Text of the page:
No postcode? No vote

    Floating voters

    How living on a houseboat meant I didn't officially 'exist'
    Louis Theroux's affable Englishman routine begins to wear thin

    By Reason of Insanity

    Louis Theroux's affable Englishman routine begins to wear thin
    Power dressing is back – but no shoulderpads!

    Power dressing is back

    But banish all thoughts of Eighties shoulderpads
    Spanish stone-age cave paintings 'under threat' after being re-opened to the public

    Spanish stone-age cave paintings in Altamira 'under threat'

    Caves were re-opened to the public
    'I was the bookies’ favourite to be first to leave the Cabinet'

    Vince Cable interview

    'I was the bookies’ favourite to be first to leave the Cabinet'
    Election 2015: How many of the Government's coalition agreement promises have been kept?

    Promises, promises

    But how many coalition agreement pledges have been kept?
    The Gaza fisherman who built his own reef - and was shot dead there by an Israeli gunboat

    The death of a Gaza fisherman

    He built his own reef, and was fatally shot there by an Israeli gunboat
    Saudi Arabia's airstrikes in Yemen are fuelling the Gulf's fire

    Saudi airstrikes are fuelling the Gulf's fire

    Arab intervention in Yemen risks entrenching Sunni-Shia divide and handing a victory to Isis, says Patrick Cockburn
    Zayn Malik's departure from One Direction shows the perils of fame in the age of social media

    The only direction Zayn could go

    We wince at the anguish of One Direction's fans, but Malik's departure shows the perils of fame in the age of social media
    Young Magician of the Year 2015: Meet the schoolgirl from Newcastle who has her heart set on being the competition's first female winner

    Spells like teen spirit

    A 16-year-old from Newcastle has set her heart on being the first female to win Young Magician of the Year. Jonathan Owen meets her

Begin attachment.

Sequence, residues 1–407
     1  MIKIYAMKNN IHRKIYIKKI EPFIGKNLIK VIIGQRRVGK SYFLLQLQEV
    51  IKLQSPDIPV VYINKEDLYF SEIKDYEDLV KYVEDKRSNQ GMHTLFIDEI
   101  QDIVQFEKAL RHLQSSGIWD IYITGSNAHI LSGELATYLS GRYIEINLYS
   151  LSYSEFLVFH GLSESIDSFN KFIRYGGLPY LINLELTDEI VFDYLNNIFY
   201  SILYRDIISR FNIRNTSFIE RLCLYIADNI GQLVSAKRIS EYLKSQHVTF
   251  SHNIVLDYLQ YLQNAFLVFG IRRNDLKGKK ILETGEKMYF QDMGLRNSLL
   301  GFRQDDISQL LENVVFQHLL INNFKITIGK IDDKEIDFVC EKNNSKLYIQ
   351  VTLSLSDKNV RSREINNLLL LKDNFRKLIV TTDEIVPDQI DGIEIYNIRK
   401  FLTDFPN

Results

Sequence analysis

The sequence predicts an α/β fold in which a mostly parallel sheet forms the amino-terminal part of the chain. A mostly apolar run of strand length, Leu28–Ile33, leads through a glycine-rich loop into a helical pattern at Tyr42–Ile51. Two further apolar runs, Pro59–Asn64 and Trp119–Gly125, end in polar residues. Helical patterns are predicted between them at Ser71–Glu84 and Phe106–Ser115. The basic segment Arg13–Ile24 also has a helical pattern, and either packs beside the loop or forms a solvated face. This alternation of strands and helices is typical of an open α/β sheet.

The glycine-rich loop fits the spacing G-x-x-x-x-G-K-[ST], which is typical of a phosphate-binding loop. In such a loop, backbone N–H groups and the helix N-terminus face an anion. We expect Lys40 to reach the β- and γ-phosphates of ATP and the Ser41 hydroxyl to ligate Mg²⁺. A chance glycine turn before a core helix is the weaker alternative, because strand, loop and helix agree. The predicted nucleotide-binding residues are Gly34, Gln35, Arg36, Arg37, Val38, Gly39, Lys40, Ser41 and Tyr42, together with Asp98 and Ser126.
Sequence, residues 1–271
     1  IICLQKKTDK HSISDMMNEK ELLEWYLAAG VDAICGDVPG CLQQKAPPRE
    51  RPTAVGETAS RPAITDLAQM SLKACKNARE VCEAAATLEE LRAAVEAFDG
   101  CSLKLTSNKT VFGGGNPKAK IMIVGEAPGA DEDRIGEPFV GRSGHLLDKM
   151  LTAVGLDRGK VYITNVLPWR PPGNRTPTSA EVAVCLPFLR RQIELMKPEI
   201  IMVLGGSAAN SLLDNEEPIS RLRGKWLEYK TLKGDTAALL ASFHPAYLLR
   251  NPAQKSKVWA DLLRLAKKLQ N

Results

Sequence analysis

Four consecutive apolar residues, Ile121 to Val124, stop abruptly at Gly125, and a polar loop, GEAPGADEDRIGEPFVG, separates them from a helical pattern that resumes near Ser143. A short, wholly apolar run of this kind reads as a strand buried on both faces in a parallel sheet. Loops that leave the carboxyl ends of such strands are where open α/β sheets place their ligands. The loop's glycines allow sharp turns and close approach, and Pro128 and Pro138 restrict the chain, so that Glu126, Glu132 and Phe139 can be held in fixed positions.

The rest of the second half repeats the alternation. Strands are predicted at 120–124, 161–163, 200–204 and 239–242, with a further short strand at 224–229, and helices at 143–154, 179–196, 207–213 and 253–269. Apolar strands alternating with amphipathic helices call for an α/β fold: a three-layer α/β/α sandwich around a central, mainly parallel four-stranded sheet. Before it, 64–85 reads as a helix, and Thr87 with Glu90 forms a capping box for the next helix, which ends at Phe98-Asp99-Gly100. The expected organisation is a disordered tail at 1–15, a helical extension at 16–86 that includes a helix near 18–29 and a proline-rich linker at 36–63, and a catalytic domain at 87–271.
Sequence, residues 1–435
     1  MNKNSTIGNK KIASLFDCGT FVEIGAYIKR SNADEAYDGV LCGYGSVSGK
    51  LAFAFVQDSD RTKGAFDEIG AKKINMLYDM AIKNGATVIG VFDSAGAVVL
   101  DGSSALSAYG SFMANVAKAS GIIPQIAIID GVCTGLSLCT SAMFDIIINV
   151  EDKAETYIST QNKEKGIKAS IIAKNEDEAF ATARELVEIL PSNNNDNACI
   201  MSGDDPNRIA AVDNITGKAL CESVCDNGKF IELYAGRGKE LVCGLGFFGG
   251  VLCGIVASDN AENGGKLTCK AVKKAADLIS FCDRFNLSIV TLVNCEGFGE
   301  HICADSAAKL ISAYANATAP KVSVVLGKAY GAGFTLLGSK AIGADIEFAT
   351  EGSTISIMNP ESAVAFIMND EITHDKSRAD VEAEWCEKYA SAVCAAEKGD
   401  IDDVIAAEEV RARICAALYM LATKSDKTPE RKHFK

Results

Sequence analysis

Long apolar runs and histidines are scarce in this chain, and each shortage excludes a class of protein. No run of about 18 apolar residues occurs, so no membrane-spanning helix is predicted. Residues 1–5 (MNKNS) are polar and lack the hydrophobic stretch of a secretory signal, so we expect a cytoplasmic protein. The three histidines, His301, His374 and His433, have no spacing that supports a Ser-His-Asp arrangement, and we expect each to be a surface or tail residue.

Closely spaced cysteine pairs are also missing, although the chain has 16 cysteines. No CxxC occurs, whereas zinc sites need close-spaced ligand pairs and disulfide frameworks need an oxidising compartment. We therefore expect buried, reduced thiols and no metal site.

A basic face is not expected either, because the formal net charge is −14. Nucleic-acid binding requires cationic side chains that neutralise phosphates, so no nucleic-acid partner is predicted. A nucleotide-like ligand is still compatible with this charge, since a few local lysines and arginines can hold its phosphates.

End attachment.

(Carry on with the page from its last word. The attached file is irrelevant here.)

Jonathan Anderson: If fashion is a cycle, this young man knows just how to ride it

    If fashion is a cycle, this young man knows just how to ride it

    British designer Jonathan Anderson is putting his stamp on venerable house Loewe
    Number plates scheme could provide a licence to offend in the land of the free

    Licence to offend in the land of the free

    Cash-strapped states have hit on a way of making money out of drivers that may be in collision with the First Amendment, says Rupert Cornwell
    From farm to fork: Meet the Cornish fishermen, vegetable-growers and butchers causing a stir in London's top restaurants

    From farm to fork in Cornwall

    One man is bringing together Cornwall's most accomplished growers, fishermen and butchers with London's best chefs to put the finest, freshest produce on the plates of some of the country’s best restaurants
    Robert Parker interview: The world's top wine critic on tasting 10,000 bottles a year, absurd drinking notes and New World wannabes

    Robert Parker interview

    The world's top wine critic on tasting 10,000 bottles a year, absurd drinking notes and New World wannabes
    Don't believe the stereotype - or should you?

    Don't believe the stereotype - or should you?

    We exaggerate regional traits and turn them into jokes - and those on the receiving end are in on it too, says DJ Taylor